Might carbon dating wrong
Radiocarbon dating is especially good for determining the age of sites occupied within the last 26,000 years or so (but has the potential for sites over 50,000), can be used on carbon-based materials (organic or inorganic), and can be accurate to within ±30-50 years.Probably the most important factor to consider when using radiocarbon dating is if external factors, whether through artificial contamination, animal disturbance, or human negligence, contributed to any errors in the determinations.After another 5,730 years only half of those 50 (or 25 carbon-14 atoms would remain.) Think of the red ink molecules slowly disappearing at the same rate.One day, about 5,000 years ago, most of the water suddenly drained from the pool.Desmond Clark (1979:7) observed that without radiocarbon dating "we would still be foundering in a sea of imprecisions sometime bred of inspired guesswork but more often of imaginative speculation." And as Colin Renfrew (1973) aptly noted over 30 years ago, the "Radiocarbon Revolution" transformed how archaeologists could interpret the past and track cultural changes through a period in human history where we see among other things the massive migration of peoples settling virtually every major region of the world, the transition from hunting and gathering to more intensive forms of food production, and the rise of city-states.However, as with any dating technique there are limits to the kinds of things that can be satisfactorily dated, levels of precision and accuracy, age range constraints, and different levels of susceptibility to contamination.Since then, the amount of water only fills a bathtub, but one drop of red ink continued to fall into the bathtub each year.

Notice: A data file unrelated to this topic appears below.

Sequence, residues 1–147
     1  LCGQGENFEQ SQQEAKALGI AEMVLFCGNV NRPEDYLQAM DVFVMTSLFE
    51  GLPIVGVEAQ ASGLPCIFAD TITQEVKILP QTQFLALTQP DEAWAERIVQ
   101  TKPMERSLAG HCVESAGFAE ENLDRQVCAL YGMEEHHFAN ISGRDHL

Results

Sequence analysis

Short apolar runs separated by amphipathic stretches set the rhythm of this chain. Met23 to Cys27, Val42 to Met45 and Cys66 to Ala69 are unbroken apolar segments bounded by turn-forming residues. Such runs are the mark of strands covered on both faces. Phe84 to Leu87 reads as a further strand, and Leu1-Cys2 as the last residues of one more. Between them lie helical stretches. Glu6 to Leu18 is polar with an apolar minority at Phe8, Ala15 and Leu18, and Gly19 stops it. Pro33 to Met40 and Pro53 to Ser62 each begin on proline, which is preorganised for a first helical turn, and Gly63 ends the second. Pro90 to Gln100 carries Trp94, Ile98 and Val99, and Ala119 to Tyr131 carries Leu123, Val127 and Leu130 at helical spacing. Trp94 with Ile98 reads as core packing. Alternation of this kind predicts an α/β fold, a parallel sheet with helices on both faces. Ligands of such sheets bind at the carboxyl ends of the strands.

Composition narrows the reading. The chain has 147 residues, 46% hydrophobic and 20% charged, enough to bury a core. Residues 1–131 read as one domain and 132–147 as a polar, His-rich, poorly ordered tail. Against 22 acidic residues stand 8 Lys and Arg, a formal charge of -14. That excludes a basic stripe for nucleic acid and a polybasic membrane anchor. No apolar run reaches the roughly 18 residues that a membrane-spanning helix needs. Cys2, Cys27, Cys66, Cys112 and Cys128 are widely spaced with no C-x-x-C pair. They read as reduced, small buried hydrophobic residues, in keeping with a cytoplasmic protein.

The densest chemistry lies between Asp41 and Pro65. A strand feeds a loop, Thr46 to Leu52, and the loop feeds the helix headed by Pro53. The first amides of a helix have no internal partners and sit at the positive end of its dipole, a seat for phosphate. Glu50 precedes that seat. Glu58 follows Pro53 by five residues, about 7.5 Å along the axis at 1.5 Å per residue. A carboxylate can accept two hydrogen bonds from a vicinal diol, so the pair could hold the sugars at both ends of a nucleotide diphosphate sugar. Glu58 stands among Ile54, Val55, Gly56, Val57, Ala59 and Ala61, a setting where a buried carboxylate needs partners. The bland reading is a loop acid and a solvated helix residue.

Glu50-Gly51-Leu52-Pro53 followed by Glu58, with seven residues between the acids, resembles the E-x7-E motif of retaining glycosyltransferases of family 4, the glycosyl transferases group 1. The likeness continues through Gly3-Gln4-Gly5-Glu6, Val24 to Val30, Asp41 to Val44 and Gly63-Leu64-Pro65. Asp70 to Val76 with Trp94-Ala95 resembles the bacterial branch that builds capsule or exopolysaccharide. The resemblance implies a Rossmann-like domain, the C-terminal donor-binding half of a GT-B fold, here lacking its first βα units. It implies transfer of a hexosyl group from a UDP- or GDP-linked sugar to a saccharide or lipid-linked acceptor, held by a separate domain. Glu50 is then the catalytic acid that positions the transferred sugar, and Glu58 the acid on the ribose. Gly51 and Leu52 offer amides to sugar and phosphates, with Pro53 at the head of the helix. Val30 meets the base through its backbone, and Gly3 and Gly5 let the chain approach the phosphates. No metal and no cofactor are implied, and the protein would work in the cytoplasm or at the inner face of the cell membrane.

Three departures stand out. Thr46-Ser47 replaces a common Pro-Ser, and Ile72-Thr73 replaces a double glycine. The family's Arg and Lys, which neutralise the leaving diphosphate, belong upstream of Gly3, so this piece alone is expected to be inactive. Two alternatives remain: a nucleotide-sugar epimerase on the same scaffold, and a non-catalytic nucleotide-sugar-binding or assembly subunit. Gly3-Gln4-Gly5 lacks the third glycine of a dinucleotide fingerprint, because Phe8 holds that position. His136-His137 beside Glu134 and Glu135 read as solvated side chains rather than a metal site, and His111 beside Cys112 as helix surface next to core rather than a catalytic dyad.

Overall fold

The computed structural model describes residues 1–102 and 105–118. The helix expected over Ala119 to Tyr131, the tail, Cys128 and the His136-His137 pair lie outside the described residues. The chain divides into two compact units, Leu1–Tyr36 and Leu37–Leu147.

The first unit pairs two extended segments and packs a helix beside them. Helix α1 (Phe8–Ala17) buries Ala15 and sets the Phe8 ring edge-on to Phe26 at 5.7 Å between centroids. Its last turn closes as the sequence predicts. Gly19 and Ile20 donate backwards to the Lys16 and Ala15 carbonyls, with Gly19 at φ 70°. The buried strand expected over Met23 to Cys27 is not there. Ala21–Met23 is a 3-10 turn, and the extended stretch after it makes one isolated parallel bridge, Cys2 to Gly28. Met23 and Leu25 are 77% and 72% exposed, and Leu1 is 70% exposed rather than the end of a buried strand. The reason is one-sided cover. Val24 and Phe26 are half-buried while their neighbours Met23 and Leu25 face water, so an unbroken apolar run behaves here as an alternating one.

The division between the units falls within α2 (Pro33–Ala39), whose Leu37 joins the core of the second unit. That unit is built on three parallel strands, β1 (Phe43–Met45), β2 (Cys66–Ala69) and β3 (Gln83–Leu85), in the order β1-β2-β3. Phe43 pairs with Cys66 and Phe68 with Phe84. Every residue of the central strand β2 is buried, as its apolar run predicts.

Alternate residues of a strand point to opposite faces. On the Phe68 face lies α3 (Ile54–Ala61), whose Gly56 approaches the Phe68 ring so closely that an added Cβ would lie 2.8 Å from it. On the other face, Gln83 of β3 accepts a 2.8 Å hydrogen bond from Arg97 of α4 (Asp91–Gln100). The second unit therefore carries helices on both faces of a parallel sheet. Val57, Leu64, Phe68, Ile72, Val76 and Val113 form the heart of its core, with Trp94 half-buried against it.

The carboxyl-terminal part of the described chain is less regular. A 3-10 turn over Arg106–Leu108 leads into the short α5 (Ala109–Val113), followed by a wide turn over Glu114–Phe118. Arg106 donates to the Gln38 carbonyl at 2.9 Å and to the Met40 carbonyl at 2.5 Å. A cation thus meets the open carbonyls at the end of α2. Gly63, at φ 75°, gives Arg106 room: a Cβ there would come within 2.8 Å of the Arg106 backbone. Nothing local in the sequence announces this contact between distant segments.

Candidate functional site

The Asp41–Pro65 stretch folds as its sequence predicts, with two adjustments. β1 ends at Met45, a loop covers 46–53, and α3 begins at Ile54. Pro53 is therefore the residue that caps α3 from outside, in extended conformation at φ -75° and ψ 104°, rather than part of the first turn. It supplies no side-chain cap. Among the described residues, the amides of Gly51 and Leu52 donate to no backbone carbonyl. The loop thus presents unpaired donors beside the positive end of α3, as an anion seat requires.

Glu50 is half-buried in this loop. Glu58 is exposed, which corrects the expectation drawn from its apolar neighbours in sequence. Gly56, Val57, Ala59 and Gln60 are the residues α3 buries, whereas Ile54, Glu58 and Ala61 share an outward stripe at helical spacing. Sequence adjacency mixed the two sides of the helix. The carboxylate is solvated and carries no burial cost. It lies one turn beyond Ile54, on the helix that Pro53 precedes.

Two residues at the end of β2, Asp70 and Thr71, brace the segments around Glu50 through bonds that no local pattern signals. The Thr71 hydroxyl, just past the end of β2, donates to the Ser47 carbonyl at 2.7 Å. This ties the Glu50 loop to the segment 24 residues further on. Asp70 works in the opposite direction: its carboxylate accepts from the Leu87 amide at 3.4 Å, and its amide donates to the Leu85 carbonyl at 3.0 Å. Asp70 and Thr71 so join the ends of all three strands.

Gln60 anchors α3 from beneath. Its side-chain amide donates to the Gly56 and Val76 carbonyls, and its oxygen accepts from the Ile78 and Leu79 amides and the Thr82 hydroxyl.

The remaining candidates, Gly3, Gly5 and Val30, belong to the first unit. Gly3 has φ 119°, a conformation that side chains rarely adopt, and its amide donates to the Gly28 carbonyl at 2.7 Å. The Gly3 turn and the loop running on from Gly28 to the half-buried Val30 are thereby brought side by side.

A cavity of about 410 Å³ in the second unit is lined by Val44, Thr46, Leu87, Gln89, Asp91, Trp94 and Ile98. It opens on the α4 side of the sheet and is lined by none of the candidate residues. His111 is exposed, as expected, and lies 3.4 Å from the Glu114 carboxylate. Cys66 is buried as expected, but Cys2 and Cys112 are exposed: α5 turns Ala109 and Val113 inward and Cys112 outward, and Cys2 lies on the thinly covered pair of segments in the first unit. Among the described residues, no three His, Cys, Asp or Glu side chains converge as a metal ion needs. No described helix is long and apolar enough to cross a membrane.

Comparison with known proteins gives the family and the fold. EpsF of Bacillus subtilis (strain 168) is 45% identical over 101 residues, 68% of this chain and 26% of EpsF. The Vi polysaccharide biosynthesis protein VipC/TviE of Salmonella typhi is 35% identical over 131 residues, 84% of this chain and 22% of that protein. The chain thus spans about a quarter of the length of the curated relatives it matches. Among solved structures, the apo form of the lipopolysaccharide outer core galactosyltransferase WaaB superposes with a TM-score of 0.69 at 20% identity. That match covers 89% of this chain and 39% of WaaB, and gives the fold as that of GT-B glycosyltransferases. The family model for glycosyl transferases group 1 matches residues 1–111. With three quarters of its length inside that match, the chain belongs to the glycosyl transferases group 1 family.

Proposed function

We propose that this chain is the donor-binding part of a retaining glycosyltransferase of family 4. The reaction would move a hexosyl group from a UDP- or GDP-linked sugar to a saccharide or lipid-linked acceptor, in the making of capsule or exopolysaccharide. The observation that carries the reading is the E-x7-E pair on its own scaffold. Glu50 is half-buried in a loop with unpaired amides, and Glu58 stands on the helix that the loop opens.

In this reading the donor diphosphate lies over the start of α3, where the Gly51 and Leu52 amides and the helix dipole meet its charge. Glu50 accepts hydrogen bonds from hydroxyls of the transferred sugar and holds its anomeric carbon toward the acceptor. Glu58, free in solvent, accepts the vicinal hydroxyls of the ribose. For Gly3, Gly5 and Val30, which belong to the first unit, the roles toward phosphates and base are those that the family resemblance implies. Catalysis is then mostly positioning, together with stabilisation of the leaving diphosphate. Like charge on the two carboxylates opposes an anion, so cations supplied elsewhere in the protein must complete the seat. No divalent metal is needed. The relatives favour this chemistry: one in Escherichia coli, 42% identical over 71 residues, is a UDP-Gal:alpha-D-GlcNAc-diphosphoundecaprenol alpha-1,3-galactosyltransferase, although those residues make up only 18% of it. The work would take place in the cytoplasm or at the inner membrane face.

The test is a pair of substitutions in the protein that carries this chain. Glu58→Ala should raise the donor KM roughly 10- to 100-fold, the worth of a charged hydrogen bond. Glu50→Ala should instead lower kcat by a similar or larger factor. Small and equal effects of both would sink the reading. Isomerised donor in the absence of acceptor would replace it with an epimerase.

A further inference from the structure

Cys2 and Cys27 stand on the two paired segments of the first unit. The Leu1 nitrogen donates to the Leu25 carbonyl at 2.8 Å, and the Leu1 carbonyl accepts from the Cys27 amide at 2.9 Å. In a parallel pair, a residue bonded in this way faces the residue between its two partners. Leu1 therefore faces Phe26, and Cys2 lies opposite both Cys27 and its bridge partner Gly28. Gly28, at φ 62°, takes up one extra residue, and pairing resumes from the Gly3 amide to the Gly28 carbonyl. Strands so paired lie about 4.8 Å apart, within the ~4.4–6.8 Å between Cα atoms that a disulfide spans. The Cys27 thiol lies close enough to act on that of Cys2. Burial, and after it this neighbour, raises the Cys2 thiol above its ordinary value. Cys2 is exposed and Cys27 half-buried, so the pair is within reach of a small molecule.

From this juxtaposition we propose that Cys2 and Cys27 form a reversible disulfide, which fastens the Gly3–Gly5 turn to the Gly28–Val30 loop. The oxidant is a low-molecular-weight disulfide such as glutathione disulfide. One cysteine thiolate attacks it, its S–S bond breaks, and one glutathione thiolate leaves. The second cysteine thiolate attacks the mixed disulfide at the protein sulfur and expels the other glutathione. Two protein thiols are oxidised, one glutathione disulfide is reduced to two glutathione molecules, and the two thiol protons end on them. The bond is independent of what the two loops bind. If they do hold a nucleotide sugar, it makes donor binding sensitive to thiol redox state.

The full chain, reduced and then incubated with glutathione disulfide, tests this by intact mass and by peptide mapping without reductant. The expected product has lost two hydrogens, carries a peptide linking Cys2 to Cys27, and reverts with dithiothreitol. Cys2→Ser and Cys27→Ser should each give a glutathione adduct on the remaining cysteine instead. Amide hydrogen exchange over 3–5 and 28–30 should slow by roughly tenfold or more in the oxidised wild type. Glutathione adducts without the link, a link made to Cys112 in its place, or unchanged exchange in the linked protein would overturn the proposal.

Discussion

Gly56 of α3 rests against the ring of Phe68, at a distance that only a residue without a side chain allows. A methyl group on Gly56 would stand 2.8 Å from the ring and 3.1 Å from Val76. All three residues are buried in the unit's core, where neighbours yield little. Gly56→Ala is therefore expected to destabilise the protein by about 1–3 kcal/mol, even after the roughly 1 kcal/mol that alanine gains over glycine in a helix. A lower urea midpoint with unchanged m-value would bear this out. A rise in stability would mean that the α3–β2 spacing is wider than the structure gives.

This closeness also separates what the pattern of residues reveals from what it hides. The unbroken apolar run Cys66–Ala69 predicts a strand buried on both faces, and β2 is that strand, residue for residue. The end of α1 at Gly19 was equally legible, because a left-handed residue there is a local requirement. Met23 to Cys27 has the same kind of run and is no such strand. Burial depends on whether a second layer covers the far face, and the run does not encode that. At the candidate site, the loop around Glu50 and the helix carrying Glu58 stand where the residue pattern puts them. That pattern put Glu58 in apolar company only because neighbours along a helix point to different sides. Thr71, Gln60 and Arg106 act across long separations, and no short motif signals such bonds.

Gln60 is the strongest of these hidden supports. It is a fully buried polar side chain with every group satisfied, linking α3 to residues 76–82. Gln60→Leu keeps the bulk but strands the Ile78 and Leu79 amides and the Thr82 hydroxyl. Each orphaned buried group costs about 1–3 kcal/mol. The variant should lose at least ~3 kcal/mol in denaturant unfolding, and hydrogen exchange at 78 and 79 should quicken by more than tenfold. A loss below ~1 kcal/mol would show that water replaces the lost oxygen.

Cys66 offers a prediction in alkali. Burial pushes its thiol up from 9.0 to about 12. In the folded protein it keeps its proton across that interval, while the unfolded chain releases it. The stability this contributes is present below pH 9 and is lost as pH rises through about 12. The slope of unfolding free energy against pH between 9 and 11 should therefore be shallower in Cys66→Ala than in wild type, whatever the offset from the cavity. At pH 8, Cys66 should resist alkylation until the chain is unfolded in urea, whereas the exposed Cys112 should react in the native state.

They found that carbon-14 concentrations were twice their modern level during that period.This raises questions about the accuracy of carbon dating for very old objects.Beck and colleagues tested slices of a half-metre long stalagmite that grew between 45 000 and 11 000 years ago in a cave in the Bahamas.Levels of carbon-14 become difficult to measure and compare after about 50,000 years (between 8 and 9 half lives; where 1% of the original carbon-14 would remain undecayed).The question should be whether or not carbon-14 can be used to date any artifacts at all? There are a few categories of artifacts that can be dated using carbon-14; however, they cannot be more 50,000 years old.